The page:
Glissant’s articulations make me think about the expression of multiplicity, its manifestation in Caribbean life, and how it is experienced and perceived. If opacity is the outcome of creolization which came to be throughimperial violence, then one can expect that the aesthetics of opacity are everywhere in the Caribbean. What I am most curious about is how do these aesthetics operate when confronted with violence, a force that, after all, is part of the genesis of the Caribbean.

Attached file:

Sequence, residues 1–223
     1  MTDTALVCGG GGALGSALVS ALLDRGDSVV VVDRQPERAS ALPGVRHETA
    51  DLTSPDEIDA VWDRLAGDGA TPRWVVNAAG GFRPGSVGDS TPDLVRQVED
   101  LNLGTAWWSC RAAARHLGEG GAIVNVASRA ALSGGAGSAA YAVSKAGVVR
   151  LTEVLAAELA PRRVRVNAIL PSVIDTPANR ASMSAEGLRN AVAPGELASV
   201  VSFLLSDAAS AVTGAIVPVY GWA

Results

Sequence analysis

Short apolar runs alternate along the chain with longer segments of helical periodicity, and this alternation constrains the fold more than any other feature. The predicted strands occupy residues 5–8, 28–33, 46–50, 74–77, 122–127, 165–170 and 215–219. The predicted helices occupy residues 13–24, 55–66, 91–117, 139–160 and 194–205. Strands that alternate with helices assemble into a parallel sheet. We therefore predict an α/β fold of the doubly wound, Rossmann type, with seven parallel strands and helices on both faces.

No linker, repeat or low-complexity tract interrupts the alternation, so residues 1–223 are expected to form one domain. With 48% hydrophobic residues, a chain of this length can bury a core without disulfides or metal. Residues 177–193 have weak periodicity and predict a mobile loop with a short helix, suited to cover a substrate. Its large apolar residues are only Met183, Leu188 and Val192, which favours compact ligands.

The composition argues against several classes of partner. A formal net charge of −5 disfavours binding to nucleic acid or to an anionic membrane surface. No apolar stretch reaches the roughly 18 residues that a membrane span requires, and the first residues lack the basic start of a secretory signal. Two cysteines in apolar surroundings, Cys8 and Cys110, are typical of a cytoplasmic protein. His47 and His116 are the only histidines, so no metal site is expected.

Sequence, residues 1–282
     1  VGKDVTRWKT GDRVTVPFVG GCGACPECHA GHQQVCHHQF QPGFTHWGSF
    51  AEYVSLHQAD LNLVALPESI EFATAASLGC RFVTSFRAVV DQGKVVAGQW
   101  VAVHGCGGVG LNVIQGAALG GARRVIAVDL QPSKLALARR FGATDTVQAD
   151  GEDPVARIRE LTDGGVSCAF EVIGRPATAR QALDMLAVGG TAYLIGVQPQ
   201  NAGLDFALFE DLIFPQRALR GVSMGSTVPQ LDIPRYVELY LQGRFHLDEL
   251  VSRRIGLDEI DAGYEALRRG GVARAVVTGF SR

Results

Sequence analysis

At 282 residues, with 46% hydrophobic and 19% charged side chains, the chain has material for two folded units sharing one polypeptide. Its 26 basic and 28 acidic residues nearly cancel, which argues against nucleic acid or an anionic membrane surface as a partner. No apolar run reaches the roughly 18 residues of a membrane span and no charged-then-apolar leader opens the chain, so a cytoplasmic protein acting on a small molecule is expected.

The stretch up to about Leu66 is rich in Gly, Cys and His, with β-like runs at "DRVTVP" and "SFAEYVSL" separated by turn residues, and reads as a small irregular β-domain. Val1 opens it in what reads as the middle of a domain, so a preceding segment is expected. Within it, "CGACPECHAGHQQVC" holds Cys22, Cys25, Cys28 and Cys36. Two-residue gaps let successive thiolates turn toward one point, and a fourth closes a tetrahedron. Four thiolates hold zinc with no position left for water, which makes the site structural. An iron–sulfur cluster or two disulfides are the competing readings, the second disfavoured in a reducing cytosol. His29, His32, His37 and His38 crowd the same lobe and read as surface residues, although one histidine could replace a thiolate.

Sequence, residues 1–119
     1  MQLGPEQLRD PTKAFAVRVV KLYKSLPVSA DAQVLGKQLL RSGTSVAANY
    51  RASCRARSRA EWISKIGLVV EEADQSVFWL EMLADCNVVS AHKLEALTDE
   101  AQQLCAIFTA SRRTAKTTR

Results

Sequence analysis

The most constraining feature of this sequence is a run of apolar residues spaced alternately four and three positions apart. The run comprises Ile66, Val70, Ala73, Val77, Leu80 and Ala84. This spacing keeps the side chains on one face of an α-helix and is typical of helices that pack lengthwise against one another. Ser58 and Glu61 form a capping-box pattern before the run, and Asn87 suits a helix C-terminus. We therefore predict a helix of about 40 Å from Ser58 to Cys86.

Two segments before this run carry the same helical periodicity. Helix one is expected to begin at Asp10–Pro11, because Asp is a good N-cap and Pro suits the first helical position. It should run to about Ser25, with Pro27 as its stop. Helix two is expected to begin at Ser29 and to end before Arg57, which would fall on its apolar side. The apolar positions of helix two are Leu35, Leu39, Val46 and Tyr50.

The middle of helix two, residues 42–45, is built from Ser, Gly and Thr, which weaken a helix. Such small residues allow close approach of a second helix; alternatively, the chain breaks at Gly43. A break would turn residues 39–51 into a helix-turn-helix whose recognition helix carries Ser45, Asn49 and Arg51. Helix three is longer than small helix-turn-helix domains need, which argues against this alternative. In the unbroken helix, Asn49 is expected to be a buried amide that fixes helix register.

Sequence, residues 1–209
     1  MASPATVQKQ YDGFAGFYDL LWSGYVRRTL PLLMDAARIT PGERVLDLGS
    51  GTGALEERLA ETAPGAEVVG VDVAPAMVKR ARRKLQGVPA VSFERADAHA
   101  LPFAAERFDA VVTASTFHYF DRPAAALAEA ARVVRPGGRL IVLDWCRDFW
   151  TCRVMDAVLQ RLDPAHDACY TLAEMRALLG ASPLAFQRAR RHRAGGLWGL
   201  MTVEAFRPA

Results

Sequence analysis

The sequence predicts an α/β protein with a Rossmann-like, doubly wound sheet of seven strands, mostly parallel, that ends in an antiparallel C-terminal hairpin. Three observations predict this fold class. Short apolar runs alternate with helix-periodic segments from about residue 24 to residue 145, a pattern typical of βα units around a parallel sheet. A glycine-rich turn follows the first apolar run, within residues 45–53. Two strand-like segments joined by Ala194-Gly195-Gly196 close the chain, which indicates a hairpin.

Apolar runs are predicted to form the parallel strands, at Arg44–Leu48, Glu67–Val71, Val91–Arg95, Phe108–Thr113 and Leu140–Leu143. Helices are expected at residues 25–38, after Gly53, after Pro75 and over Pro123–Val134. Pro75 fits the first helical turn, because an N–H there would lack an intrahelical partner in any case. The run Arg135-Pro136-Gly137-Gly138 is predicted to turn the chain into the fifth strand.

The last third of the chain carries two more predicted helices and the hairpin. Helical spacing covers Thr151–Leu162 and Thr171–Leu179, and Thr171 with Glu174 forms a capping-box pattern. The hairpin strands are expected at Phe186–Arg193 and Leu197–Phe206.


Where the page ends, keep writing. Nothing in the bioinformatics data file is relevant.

There are echoes of Poetics of Relation in The Repeating Island. Benítez-Rojo’s meta-archipelago and what he refers to as “a certain kind of way” alludes to Glissant’s systems of relations and opacity, respectively. Benítez-Rojo deems the Caribbean a meta-archipelago, “a machine, whose flux, whose noise, whose presence covers the map of world history’s contingencies, through the great changes in economic discourse to the vast collisions of races and cultures that humankind has seen.”7 He starts a reading of the apocalyptic machine set in motion by colonizing forces as a way to arrive at a second reading that deals with a different kind of machine, the Caribbean that we see and feel nowadays. This constellation of islands is a place of performance, a rhythm made of percussion, a sea ritual enacted over and over again that confounds and pacifies. Benítez-Rojo calls this performance “a certain kind of way.” For him this “certain kind of way” defies description so he illustrates it through a childhood memory of a time where fear of nuclear destruction consumed the world. Sitting at home as the television news bellowed in the background, he saw beneath his balcony two old black women passing “in a certain kind of way”;